Boom Supersonic – the Next Concorde or a Project going nowhere?

Boom Supersonic, a Colorado-based startup focused on resurrecting commercial supersonic air travel is trying to make flying faster, greener, and more affordable. Despite not having a finished plane, they already have orders from multiple airlines.

The aviation industry has no shortage of startups trying to make flying faster, greener, or more affordable. But rarely does a company come along promising to do all three, and it is even rarer when the company already has confirmed orders. Boom Supersonic, a Colorado-based startup focused on resurrecting commercial supersonic air travel, has never built an aircraft before, and is already five years behind schedule with its experimental test aircraft. Despite this, and the lack of an engine supplier, the company has signed orders with major players like American Airlines, Virgin Atlantic, and United Airlines.

Resurrecting Concorde’s speed across the globe

The goal of Boom Supersonic is quite simple: revive supersonic passenger air travel. As Blake Scholl, the founder and chief executive of Boom, says, “I started this because I was sad that I never got to fly on Concorde. I waited but no one was doing it, so I decided to.”

The company plans to build the Overture jet, a completely new design which promises speeds of up to Mach 1.7 over water, twice as fast as modern commercial aircraft, but just shy of the Concorde’s top cruising speed. The aircraft would have a range of 4,250 nautical miles and be able to make the London-New York Trip in as little as 3.5 hours, compared to over 6 hours currently. The plane, which now features a conventional tail instead of a delta-wing, certainly looks the part of a futuristic airliner. It is hoped that the first production model will roll off the line in 2025, with test flights and certification meaning that the first passenger flights would begin in 2029.

Supersonic flight makes zero carbon a lofty target

But reaching supersonic speeds requires an aircraft to burn more fuel – one of several reasons why Concorde was ultimately retired – and Boom is planning to achieve net zero C02 by 2025, and completely net zero greenhouse gas emissions by 2040, a goal seemingly at odds with faster-than-sound passenger travel.

Boom has dodged questions about this by stating that they prioritize “circularity by repurposing used tooling, recycling components on the shop floor, and leveraging additive manufacturing techniques that result in less manufacturing waste and lighter, more fuel-efficient products.” Scholl has echoed this view, saying, “ultimately I want people to be able to get anywhere in the world in five hours for $100. To get there you have to improve fuel efficiency.”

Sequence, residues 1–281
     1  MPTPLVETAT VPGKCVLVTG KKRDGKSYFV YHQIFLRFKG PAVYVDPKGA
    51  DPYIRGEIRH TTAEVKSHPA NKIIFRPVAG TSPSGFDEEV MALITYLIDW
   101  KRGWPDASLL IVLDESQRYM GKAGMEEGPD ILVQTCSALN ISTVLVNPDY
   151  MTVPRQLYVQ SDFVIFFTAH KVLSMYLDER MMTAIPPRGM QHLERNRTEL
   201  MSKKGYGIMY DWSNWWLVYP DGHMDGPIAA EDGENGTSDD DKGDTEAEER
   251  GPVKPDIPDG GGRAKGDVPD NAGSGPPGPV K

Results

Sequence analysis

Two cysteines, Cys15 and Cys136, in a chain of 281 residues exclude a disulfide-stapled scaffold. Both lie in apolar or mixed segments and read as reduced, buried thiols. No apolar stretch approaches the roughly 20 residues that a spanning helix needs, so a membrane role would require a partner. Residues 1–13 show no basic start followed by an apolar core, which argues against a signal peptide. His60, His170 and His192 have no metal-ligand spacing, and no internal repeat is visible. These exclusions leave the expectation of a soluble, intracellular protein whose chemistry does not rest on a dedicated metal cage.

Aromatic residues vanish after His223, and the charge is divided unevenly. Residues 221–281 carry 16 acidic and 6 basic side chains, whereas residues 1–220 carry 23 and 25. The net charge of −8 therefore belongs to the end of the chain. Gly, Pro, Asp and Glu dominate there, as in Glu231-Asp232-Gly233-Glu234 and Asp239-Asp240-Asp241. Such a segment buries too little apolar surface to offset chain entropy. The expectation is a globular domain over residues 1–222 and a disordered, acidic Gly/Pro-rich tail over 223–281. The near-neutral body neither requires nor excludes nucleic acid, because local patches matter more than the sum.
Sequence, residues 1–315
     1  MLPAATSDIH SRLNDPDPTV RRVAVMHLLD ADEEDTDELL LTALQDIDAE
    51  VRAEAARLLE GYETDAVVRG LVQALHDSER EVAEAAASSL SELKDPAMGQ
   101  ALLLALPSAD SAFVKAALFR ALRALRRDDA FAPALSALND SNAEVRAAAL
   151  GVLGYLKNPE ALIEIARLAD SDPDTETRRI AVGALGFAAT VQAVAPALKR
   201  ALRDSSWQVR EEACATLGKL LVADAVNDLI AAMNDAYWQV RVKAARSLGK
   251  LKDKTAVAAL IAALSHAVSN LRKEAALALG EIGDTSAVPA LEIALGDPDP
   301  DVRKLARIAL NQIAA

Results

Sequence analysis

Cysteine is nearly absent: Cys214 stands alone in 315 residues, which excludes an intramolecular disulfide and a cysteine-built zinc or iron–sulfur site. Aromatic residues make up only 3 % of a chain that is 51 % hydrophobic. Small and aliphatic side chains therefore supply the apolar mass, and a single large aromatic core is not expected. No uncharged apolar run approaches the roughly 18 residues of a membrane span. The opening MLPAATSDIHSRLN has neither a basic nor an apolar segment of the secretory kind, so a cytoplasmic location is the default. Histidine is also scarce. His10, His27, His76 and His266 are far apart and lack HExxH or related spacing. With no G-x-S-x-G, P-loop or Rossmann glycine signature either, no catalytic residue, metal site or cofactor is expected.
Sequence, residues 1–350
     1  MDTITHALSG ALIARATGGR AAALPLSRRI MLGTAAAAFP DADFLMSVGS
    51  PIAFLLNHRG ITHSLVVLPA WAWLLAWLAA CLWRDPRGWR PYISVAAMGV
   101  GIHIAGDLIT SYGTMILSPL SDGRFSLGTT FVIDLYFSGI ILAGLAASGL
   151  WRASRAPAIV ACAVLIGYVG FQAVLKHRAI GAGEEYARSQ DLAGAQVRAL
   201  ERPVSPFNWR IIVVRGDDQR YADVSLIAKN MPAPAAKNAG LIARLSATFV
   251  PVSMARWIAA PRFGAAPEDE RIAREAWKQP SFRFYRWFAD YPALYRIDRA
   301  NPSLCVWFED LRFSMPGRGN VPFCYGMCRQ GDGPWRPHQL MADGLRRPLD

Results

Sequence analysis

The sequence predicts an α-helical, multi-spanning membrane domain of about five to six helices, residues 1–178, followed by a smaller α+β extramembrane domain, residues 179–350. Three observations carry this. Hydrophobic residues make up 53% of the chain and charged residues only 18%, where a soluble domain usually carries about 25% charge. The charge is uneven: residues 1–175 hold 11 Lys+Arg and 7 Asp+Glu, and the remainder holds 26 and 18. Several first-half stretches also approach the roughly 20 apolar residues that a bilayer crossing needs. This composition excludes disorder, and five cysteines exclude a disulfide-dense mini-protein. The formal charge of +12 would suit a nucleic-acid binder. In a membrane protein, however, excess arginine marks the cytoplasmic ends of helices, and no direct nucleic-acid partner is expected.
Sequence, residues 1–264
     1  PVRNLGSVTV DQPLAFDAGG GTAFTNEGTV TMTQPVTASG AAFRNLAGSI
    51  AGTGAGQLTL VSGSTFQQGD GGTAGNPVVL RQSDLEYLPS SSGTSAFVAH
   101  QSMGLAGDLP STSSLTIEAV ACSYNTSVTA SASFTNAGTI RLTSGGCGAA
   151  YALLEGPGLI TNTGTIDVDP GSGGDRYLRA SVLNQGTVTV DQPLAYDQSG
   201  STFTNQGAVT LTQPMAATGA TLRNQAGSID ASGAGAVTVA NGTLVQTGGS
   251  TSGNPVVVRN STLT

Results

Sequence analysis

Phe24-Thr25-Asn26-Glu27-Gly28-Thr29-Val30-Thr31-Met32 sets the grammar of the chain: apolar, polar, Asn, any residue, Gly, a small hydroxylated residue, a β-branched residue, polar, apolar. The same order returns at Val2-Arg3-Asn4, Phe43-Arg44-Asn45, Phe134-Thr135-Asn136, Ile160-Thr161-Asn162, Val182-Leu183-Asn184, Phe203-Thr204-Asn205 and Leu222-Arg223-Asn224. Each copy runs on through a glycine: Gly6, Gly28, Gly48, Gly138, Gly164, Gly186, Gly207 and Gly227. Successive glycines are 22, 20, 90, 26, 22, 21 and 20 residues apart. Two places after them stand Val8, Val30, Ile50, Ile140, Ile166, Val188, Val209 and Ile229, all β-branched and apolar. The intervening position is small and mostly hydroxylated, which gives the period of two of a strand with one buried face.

As well as fuel-efficient designs, the aircraft will run on up to 100% sustainable aviation fuel, although few specifics on how this will be done have been shared at this point.

Setbacks mount as Rolls Royce exits the project

Boom Supersonic and the Overture jet still have a long way to go before reaching the market, and further complicating matters is Rolls Royce’s recent statement saying they had completed their engine studies with Boom and would not be pursuing supersonic flight in their priorities. 

Building a plane is difficult, even for established players. Airbus launched the A380 program in 2000, with the first test flight in 2005. The project faced two years of delays and an almost doubling of development costs. This means that for a newcomer like Boom that lacks the near-unlimited resources of a company like Airbus, achieving their time frame of test flights by 2025 would be almost unheard of, especially considering their three-engine, single-seat prototype known as the XB-1 has yet to take to the air. The time-frame is especially volatile now that they need a new engine supplier.

Even without a complete plane, Airlines are placing orders

Boom’s handful of employees might be their saving grace however, and they include ex-NASA, Boeing, and Lockheed engineers with experience developing over 30 aircraft including the well-known Boeing 787 Dreamliner, and Virgin Galactic’s Spaceship Two. This is perhaps why the company already has confirmed orders for the Overture from major players. American Airlines agreed in August 2022 to buy 20 of the Overture jets, with the option to purchase 40 more. Boom also has 15 jets on order to United Airlines, and 10 on order with Virgin Atlantic, along with 15 more to an unnamed European Airline. While the exact numbers of dollars being exchanged in these deals is not made public, American Airlines did confirm that the deposit on the aircraft was non-refundable, indicating a high level of confidence in the company’s future success.

Boom isn’t the first company to try and bring back supersonic commercial flight. Time will tell if their idea takes off, or if Boom Supersonic and the Overture jet remain firmly on the ground.

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